A banner with a strange Device Our obligations to the Anarchy of South Carolina are too enormous to be expressed. Bolted she has; quite a large amount of our personal property has she taken with her, but she has left our dear old bird. She has spoiled the gridiron, but she has spared the goose. We have him still, beak, talons and feathers! For us, dis-United States though we may be, he will continue to soar and scream and spread his wings. From our banner a star or two may madly shoot, and a stripe or so may fade; but we keep our bird — creature called by our name — our pet fowl, so admired and respected in the principal Courts of Europe. He has not nullified. Without him we had been bankrupt in our blazonry hard up in our heraldry a colorless, flagless, standardless, buntingless, pennonless people. With him we may indulge in dreams of future glory to some extent gratifying. Let us indulge! The Southern Confederacy it would seem, is sick of ornithological devices. I
Charles Congdon, Tribune Essays: Leading Articles Contributing to the New York Tribune from 1857 to 1863. (ed. Horace Greeley), The Montgomery Muddle — a specimen day. (search)
It will be just as easy to obtain the larger sum as the lesser, and it hardly appears respectable for the new nation to set itself up in business upon a petty fifteen million capital. What will the pickings and stealings, so necessary for the development of patriotism, be worth with such a trifling stock as that to filch from? Why it will hardly keep some men, heads and fronts of the Confederacy, too, in pocket money for a quarter! Do you suppose that peculators who only stood by the United States while there was a dollar in the treasury, which they could convey, will render their inestimable services for any such petty plunder? Then, too, we are sorry to say that the Congress, on this same specimen day, wasted its precious time in hearing petitions for patents, and in referring them. Now when we consider that discovery and invention are shown by the facts and the figures to be quite out of the Southern line, we cannot but regret to see the energy of the Congress wasted in rai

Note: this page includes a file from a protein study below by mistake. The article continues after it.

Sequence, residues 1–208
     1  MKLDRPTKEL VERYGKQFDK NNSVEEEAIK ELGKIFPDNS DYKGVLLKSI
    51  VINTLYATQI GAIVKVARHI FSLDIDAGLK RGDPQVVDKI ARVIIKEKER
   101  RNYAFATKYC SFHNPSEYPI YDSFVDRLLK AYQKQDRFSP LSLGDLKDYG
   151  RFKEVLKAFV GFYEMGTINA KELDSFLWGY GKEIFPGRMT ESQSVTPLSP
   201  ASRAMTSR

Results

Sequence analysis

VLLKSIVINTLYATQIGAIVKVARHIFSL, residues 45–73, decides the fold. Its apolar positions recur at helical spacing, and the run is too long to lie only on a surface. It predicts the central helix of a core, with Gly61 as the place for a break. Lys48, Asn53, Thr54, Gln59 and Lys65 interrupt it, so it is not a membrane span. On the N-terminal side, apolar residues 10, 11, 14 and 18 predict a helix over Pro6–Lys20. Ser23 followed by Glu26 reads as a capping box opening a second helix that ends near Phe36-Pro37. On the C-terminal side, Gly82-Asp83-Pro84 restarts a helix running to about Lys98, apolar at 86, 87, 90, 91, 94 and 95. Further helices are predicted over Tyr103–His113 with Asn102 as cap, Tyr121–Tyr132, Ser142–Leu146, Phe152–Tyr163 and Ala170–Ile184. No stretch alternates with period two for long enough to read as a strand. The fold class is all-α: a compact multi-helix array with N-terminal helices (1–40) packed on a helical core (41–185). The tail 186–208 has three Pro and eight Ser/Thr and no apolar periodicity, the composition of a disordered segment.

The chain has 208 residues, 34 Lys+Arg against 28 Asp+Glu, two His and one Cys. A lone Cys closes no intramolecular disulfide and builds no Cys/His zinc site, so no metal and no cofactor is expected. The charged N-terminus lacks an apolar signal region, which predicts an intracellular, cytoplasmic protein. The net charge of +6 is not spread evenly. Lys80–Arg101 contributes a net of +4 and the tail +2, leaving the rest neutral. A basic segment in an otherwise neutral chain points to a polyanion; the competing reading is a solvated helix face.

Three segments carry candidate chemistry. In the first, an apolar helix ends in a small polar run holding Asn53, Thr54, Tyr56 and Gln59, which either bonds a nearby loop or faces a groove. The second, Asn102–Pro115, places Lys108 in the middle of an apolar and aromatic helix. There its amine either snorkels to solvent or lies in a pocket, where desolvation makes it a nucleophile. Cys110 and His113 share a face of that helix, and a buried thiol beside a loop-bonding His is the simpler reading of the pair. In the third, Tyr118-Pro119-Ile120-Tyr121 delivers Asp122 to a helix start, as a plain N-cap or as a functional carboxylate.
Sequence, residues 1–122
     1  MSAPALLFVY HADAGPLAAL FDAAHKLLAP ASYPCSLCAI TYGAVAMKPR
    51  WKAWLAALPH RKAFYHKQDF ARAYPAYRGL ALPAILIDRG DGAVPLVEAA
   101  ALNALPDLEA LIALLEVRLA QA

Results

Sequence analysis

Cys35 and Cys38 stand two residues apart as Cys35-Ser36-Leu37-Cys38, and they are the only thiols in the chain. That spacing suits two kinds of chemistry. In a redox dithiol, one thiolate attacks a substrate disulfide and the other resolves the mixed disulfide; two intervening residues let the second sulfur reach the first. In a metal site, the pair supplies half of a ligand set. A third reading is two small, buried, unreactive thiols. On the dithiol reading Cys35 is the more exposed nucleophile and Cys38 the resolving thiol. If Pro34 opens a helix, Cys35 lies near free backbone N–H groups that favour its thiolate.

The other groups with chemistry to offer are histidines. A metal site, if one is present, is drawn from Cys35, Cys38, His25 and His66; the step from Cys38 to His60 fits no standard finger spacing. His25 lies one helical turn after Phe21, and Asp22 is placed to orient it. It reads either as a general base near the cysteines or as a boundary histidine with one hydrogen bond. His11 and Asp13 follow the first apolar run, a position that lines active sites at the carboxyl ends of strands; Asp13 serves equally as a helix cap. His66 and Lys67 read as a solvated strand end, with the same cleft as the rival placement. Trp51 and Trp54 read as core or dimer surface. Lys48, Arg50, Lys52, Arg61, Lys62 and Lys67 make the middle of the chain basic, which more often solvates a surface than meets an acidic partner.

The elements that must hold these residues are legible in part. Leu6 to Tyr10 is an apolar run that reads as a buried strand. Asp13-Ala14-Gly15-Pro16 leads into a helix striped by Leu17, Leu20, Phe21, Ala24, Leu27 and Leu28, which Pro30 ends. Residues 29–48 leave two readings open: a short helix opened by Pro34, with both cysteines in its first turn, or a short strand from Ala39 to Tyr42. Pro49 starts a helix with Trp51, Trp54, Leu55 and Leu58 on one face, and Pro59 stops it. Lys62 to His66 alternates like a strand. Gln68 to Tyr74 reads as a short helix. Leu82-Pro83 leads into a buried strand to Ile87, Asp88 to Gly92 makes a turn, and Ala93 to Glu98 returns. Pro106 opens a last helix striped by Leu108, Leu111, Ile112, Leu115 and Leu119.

Charles Congdon, Tribune Essays: Leading Articles Contributing to the New York Tribune from 1857 to 1863. (ed. Horace Greeley), A private Battery. (search)
A private Battery. We find the following paragraph in the Charleston (S. C.) correspondence of a contemporary: A salute was fired this afternoon by Captain James W. Meridith's private battery in honor of the ratification of the Constitution by South Carolina, and the hoisting of the Confederate States flag. Well, in the rapid onset of nineteenth century civilization, beautifully bewritten and philosophized as it has been, Charleston does outrun New York. There are a hundred things which are handy to have in the house. Mr. Toodles knew it; Mrs. Toodles knew it; we all know it. But do ever the most prudent of us think of providing, keeping, maintaining, casting mounting, loading, priming and discharging a private battery? There were private fortifications, as we have been informed, in the Middle Ages. There were certain counterscarps, ravelins and moats in My Uncle Toby's garden, which might be generically classed under the head of Private Battery. Burglars go about wit
Charles Congdon, Tribune Essays: Leading Articles Contributing to the New York Tribune from 1857 to 1863. (ed. Horace Greeley), Southern Notions of the North. (search)
n terms. We do not believe there are ten thousand persons in Massachusetts who have given nothing or done nothing for the cause. And that which is true of Massachusetts is true of every other free State. Mercenaries, indeed! We do not have to put the screws upon our bank directors here to obtain a public loan, There is a race of giving and a competition of munificence. This in time will, we hope, satisfy our quondam brethren in Virginia, South Carolina and other territories of the United States, that we are not so miserably poor as they have been kind enough to suppose. After all we have given to the sacred cause of Law and Order, we have still a dollar or so left; and can even borrow a little should our present stock fail us. But we have hardly touched the popular pocket yet. So the sooner the subjects of Jefferson Davis stop laying that particularly flattering unction to their souls — that silly notion that we are exceedingly poor — the less they will by-and-by be disappoint